Monograph set with annotations by Howe

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JChoate
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Monograph set with annotations by Howe

Post by JChoate »

Look at the text in this description -- it's a set of monographs where Jack Howe hand wrote notes about which apprentices did which drawings.
It seems like potentially valuable info for scholars

Image

DRN
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Post by DRN »

Priceless.
I'd like to see a second edition made with JHH's notations.

SDR
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Post by SDR »

Yes. In the meantime -- who can we prevail upon to purchase this set ?


Page 20, Mono 5:

Image

Could this be the "#28 in 1937" mentioned ?


Who sold this to Alcuin Books ? Pfeiffer himself ?

SDR

DavidC
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Post by DavidC »

Since it was stated in the "Item Description" that Howe client William Krebes purchased the set and then had Howe notate it, the best guess might be that it came from his estate?


David

SDR
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Post by SDR »

Ah -- of course.

Redleaf's living room is illustrated on pages 10 and 149 in "John H Howe, Architect"; this seems to be the extent of coverage of the house for this important friend and client. Krebes, another WWII conscientious objector, met Howe as a student in his furniture design class at Sandstone, the Federal Correctional Institute. Other Krebes commissions are examined in the book as well . . .

SDR

JChoate
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Post by JChoate »

Image

JChoate
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Post by JChoate »

SDR, I bet you're right about the Rehbuhn drawing. It looks like FLW wielded the pink pearl with gusto. In particular, it looks like the living room trellis got the once over. The foliage also looks a little worse for wear. I wonder what led to the lower left corner being removed.

Reidy
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Post by Reidy »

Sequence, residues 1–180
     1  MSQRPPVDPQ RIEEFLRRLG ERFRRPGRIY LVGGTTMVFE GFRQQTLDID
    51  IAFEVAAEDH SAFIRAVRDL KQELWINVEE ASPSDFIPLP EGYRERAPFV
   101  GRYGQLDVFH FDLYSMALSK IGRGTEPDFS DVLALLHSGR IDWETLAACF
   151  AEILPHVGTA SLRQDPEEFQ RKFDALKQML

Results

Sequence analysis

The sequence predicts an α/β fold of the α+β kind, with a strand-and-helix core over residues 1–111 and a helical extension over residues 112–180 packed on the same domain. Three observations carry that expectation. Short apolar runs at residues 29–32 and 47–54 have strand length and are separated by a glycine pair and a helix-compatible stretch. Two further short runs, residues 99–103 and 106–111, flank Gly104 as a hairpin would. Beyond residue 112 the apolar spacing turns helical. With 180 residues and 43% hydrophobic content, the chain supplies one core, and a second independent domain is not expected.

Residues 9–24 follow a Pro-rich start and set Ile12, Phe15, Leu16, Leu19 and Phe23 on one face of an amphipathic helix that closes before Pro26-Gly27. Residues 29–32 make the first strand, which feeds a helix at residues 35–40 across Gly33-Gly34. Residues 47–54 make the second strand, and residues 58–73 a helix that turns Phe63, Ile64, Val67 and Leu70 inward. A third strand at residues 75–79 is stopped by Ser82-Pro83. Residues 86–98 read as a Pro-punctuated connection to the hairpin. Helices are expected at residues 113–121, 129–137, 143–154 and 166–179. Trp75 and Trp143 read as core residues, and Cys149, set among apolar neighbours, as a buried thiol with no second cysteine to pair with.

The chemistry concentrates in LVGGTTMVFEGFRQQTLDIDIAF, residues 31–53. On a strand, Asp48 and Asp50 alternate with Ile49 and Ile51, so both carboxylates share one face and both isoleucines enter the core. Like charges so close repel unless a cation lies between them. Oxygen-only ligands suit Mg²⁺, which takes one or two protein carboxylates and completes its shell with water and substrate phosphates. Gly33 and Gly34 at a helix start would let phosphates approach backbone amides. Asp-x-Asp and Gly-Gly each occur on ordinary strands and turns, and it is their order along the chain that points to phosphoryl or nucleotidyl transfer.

Who did which drawings is valuable information (which I thought we already had, at least for the familiar ones from the Fellowship period). Even more valuable would be what Howe could have told us about who played what part in the design of the buildings.

Roderick Grant
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Post by Roderick Grant »

There are two photos of the Krebes House living room in Hession and Quigley's book on Jack, pp 10 and 149. Exquisite, tidy design.

Knowing who did the drawings is interesting, but forking over 10 grand is a bit much. A lot of that information is included in Geiger's archive, much of which he got from Besinger, as good a source as Howe. Some delineators, such as Howe, Besinger and Davison, are obvious at a glance.

The Rebhuhn House drawing is typical FLW, especially the landscaping.

SDR
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Post by SDR »

Ah -- but how accessible is Geiger ?

No one in Wright's drafting room(s) could know more about the drawings than Howe: he was present continuously from 1932 to 1959 and beyond -- absent only for three years (1943-46) at Sandstone. Besinger was there, on and off, from 1939 to 1955.

Attribution continues to vex. This set of Monographs is a priceless resource . . .

SDR

JChoate
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Post by JChoate »

When I was looking at the webpage for the monographs in question, I saw that they are being offered by a bookseller located in Scottsdale, which is ironically close to T West (former location of the Wright archives).

Now that the FLW archives are mostly at Columbia University, I would think Columbia would be able to afford to add these Howe-annotated books to their collection so as to capture all that information alongside the mother lode. That's what makes sense to me.

SDR
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Post by SDR »

Anything but to have them disappear again into a private collection . . .

SDR

DRN
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Post by DRN »

Or worse, to be split up and sold anonymously when the seller tires of no movement of the lot for sale.

Matt
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Post by Matt »

Forget the 10 grand. Just give me an hour with the set and I'll photograph all the annotated drawings. It's the information that's important to preserve. Didn't Geiger have...I think...Bessinger annotate a document in the same way?

SDR
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Post by SDR »

Certainly. My wish would be only to have access to the set long enough for those photos to be secured.

I have only two of the volumes -- and they have suffered at my hand, in sharing contents here:

Image


So, clearly I should't be entrusted with a pristine set !

SDR

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